David Xu, MD
Wills Eye Hospital
Dr. David Brown presented the one-year results of the phase 2, randomized, single-masked study of high dose aflibercept for neovascular age-related macular degeneration (AMD) in the CANDELA study. Building upon prior evaluation with ranibizumab 2.0 mg, the study evaluates whether high dose anti-VEGF can offer benefits to neovascular AMD patients such as reducing the number of “incomplete responders,” yielding better anatomic/visual outcomes, or potentially reducing treatment burden. In the SAVE (super-dose anti-VEGF) trial of ranibizumab, the higher 2.0 mg ranibizumab dose achieved better visual and anatomic gains in recalcitrant neovascular AMD on the monthly treatment arm.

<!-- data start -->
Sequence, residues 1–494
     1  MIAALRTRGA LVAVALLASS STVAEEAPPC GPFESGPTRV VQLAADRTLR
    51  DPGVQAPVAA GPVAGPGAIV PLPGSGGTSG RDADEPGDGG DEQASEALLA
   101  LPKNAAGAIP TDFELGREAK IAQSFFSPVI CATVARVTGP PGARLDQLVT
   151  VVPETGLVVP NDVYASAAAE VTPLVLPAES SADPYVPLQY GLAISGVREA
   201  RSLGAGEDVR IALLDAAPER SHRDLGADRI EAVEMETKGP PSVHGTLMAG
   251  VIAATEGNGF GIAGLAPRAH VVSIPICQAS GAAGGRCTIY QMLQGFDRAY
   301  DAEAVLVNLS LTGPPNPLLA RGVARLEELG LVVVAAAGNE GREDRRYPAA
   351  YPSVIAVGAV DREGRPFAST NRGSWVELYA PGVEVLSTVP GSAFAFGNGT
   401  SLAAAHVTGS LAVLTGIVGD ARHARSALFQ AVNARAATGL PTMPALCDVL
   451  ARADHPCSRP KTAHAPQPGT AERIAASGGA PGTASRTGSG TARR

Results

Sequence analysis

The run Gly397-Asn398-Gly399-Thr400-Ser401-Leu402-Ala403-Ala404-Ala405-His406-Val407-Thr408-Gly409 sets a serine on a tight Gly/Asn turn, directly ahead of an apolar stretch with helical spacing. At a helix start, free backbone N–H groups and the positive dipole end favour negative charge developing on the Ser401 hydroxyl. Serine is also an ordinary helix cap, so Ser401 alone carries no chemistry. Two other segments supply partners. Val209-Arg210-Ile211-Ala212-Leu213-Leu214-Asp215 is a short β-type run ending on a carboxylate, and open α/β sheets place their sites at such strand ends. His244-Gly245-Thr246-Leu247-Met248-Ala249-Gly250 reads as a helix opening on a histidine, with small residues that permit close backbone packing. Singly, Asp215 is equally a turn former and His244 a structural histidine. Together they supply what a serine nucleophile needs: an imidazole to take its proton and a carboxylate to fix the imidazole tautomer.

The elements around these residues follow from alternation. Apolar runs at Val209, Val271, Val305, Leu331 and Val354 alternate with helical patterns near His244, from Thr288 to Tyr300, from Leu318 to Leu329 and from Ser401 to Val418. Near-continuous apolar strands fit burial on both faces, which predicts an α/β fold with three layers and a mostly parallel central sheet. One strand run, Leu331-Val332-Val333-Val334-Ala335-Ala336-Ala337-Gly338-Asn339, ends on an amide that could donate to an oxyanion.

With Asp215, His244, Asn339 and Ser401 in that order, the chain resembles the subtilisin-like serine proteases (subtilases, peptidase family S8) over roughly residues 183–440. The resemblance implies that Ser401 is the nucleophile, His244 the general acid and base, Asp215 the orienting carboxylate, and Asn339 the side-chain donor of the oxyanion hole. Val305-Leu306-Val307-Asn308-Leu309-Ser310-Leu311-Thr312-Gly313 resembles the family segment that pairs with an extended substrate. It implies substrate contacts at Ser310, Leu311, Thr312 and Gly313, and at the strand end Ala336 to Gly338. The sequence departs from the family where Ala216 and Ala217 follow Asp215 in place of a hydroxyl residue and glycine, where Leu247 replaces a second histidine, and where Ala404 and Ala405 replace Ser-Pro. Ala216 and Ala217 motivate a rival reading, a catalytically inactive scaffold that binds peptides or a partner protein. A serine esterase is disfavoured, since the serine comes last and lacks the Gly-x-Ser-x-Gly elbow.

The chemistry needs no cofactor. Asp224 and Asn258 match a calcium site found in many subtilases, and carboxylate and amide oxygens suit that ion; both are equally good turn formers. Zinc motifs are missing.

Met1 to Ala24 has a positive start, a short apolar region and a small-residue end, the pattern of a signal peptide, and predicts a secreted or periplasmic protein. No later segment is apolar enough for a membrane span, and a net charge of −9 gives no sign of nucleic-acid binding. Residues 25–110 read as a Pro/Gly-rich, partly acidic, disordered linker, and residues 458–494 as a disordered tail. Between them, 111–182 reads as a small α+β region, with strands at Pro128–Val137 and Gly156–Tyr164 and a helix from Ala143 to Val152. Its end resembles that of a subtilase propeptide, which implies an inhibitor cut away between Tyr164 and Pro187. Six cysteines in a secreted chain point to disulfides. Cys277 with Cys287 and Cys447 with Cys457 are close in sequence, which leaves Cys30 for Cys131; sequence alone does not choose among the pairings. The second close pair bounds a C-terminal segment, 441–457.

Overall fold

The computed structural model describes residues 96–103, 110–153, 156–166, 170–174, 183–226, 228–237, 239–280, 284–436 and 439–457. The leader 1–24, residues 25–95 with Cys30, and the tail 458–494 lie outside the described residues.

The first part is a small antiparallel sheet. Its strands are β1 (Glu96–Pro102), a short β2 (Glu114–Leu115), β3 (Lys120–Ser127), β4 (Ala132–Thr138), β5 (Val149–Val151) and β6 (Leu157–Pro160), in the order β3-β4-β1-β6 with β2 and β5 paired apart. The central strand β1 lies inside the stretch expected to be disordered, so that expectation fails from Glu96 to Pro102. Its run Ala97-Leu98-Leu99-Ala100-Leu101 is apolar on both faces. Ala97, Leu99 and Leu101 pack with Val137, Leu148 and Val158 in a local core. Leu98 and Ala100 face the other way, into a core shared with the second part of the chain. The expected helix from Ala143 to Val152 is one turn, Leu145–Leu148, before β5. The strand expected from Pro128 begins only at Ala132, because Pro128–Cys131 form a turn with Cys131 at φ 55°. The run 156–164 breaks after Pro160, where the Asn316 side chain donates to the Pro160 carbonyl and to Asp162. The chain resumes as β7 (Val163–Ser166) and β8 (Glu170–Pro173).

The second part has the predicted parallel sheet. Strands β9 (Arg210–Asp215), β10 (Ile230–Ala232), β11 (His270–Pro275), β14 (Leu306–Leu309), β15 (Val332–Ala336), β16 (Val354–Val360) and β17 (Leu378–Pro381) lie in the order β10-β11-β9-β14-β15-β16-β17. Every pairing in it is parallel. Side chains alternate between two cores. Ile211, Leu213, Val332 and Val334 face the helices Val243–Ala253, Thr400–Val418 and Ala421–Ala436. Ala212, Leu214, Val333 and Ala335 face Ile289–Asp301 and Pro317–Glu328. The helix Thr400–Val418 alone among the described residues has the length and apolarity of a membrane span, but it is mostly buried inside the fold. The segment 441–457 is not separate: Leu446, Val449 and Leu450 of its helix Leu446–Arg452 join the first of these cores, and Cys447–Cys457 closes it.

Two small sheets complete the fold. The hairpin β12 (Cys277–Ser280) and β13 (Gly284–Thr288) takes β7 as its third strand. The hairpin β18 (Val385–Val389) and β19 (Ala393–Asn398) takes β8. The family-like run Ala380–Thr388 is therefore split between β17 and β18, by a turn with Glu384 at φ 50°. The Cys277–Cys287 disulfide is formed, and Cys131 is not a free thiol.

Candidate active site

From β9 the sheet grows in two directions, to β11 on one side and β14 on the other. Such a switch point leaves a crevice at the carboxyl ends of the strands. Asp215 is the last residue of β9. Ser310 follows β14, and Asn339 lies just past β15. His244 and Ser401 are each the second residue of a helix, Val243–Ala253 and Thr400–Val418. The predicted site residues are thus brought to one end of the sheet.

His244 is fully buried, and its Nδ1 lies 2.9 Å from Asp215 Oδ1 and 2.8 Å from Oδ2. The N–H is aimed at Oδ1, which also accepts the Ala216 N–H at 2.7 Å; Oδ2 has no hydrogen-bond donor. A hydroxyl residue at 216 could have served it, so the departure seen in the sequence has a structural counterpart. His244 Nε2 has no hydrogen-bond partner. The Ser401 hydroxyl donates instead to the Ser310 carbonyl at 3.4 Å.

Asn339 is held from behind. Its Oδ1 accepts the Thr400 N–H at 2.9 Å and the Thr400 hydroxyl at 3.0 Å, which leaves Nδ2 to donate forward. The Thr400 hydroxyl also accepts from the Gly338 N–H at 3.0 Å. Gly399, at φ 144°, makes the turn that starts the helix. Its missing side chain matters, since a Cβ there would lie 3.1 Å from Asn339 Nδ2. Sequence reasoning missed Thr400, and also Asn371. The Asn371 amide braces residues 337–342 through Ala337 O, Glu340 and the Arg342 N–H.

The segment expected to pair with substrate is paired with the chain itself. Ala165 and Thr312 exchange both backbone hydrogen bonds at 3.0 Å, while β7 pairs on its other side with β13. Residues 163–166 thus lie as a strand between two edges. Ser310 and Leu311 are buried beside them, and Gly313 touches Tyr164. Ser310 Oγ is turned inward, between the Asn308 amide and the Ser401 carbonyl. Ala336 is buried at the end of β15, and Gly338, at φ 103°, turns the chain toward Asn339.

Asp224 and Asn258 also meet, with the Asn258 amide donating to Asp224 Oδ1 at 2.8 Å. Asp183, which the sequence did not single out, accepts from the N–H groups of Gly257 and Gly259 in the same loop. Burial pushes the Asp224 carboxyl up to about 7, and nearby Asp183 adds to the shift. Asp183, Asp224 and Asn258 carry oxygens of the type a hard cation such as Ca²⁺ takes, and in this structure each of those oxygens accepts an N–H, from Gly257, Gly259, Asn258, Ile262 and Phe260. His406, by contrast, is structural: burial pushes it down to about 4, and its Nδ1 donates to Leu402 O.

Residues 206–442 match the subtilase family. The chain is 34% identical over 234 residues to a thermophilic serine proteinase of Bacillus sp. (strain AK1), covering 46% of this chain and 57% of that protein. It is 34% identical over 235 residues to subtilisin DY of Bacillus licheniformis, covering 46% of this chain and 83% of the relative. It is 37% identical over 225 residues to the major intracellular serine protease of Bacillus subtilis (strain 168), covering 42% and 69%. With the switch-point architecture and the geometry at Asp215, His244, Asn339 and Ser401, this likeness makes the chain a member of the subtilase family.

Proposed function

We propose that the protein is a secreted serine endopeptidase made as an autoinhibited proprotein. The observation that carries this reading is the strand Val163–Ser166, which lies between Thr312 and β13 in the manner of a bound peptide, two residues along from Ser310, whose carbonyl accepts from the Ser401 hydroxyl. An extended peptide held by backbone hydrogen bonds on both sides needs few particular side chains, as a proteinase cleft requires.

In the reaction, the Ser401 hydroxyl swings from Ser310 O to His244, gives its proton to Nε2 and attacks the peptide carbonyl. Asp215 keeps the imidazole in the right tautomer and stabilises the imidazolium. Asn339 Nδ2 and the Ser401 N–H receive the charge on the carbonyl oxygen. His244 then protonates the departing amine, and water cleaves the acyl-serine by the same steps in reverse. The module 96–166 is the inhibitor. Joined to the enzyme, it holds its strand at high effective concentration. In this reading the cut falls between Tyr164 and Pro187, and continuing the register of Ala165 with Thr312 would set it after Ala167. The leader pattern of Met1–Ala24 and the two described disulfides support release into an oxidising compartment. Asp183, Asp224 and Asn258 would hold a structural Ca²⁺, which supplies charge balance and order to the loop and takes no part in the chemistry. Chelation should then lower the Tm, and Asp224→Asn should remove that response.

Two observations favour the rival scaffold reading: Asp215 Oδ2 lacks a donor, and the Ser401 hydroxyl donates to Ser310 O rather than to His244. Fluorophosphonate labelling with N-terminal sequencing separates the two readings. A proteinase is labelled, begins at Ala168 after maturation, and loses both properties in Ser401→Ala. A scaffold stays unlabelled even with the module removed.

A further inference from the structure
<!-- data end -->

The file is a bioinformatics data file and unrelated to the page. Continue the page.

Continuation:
As for aflibercept, studies show that ~50% of wet AMD of patients can be effectively treated with q 12 quarterly dosing. The CANDELA trial evaluated whether high dose aflibercept 8 mg injection could maintain anatomic/functional outcomes at longer dosing intervals as compared to standard aflibercept. The study enrolled 106 naïve wet AMD patients over an approximately one year study duration. At week 44, there was a greater number of patients without macular fluid in the high dose aflibercept arm, and a trend towards more patients without fluid in the center subfield as well as anywhere in the macula at week 16. Visual function was well maintained in both groups, although the number of patients with ≥5-letter, ≥10-letter, and ≥15-letter loss were lower in the high-dose group. No new safety signals were identified in the study, and overall high dose aflibercept appears to have a similar safety profile as the standard dose.